By Pam Hobbs

Percé, Que:- It was a most endearing meeting, in this cramped and noisy place. From a thousand or more who looked pretty much the same to me, he spotted her without hesitation. Striding purposefully through the crowds, nudging aside his neighbors, he stood before his mate for life, mother of his children. With wings spread wide they stood face to face, rubbing beaks and emitting what I interpreted as joyous squawks, performing the spectacular ritual of adult gannets reunited after one of the pair had been away. Their greeting finished, she sank back onto her nest, while he went off to mingle with the hoards of gannets inhabiting these cliffs of Bonaventure Island off the coast of Percé in the rugged Gaspé region of Québec.

The gannetry, believed to be the world's largest, is just one reason to come to this pleasant island, with a surface area of little over two and a half square miles (6.5km²), quiet beaches, and derelict houses that prompt thoughts of hardy individuals who lived here two or three hundred years ago.

In summer months, boats leave Percé wharf every 20 minutes for a ride around the famed arched rock, and on to Bonaventure. Three quarters of an hour after leaving the mainland, they stop at this tiny island, where passengers are invited to go ashore or return directly to Percé. My advice is that you come in early morning, wear good walking shoes and bring a picnic lunch. In fine weather, you will want to spend the best part of a day here.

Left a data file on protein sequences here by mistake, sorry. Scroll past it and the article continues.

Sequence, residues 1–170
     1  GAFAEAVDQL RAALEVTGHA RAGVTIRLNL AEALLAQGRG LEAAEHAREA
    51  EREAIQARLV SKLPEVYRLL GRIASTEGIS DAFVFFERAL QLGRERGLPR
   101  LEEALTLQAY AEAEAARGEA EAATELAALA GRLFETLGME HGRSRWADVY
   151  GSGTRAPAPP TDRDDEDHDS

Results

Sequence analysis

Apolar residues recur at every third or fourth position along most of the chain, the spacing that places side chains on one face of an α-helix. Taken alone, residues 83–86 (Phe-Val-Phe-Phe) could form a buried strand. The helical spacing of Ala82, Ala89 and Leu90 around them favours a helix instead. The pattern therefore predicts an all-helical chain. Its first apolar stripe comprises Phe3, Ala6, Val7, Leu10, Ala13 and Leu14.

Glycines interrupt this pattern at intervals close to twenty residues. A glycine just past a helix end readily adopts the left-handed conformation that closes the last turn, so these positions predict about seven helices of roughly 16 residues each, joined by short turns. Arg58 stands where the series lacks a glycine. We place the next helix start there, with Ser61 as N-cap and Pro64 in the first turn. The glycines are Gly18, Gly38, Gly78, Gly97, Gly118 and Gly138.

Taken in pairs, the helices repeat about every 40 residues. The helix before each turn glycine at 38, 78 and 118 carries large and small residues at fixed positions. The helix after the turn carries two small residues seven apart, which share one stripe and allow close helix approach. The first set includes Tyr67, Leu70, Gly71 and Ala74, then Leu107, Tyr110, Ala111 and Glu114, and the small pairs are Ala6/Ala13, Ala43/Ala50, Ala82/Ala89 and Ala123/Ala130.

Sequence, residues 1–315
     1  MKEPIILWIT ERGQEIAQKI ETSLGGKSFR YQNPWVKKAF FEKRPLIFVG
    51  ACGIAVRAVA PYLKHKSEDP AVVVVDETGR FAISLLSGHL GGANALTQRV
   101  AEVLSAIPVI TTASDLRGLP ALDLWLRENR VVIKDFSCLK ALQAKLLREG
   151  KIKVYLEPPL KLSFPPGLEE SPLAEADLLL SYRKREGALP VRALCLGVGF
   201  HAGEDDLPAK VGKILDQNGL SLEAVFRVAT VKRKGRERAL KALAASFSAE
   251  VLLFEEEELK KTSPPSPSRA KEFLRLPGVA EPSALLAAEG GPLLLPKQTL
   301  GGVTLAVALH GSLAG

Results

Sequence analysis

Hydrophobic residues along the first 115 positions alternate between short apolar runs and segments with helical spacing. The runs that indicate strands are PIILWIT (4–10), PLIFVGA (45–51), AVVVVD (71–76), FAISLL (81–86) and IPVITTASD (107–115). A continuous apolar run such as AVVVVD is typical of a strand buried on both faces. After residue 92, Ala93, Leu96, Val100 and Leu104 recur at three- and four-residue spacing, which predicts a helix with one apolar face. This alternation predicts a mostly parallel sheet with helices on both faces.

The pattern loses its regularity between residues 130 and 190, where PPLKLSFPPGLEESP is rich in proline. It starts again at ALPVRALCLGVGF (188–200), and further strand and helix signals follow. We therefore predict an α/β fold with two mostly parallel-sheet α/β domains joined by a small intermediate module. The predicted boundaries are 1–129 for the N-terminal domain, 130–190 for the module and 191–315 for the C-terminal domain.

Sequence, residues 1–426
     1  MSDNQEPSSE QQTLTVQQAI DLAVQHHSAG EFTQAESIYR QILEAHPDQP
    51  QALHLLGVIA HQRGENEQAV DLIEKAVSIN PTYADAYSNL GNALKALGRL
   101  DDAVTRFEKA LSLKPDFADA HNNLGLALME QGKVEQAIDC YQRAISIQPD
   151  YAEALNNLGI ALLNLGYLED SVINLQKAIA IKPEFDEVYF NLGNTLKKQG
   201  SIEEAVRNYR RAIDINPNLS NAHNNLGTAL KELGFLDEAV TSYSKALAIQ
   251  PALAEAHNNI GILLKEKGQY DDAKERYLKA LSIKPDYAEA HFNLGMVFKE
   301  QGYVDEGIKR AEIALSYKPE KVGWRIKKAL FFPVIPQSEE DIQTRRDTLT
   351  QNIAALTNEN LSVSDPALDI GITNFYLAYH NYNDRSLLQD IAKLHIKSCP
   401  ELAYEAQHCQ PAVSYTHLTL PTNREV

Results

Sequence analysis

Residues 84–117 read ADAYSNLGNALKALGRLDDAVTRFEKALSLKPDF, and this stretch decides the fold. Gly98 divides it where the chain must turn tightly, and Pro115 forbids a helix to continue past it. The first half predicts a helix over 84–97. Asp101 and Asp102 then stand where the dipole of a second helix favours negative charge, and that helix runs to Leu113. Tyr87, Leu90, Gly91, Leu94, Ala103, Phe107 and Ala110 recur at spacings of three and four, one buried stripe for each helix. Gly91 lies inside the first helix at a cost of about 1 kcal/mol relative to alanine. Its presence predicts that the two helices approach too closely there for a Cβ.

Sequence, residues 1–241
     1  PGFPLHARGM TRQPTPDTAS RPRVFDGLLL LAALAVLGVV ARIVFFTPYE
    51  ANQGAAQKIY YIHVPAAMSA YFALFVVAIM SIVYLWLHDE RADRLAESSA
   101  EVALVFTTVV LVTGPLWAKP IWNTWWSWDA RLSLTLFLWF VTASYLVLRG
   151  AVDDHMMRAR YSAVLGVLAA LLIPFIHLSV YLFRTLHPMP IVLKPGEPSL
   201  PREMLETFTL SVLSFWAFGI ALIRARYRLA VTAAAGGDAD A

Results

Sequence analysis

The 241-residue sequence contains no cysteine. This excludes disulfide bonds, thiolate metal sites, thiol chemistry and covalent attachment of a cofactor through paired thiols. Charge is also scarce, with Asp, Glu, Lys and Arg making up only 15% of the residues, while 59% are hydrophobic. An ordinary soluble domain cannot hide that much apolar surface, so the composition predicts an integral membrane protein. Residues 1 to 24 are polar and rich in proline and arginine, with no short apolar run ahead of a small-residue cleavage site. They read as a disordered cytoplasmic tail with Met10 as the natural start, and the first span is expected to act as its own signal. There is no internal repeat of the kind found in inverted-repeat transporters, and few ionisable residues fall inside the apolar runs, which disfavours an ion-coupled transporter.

Soaked in summer sunshine, Bonaventure is an enchanting place, its grey weathered wood buildings contrasting with a deep blue sky, and cliff-top meadows smothered in daisies. Limestone cliffs are skirted by beaches, often deserted in spite of the countless tourists off- loaded throughout each day. Guided walks are conducted with commentary in French or English.

The 1,200 word article explores the history of this site and describes the gannetry, ending with:I

F YOU GO:- Percé is 480 miles (772km) from Québec City, via autoroute 20 to Rivière du Loup, thence rte 132, which circles the Gaspé peninsula. Boats ply frequently during the summer season between Percé and Bonaventure Island and you may catch any boat back, The last departure for Percé is 4.30 p.m. and overnight camping is not permitted.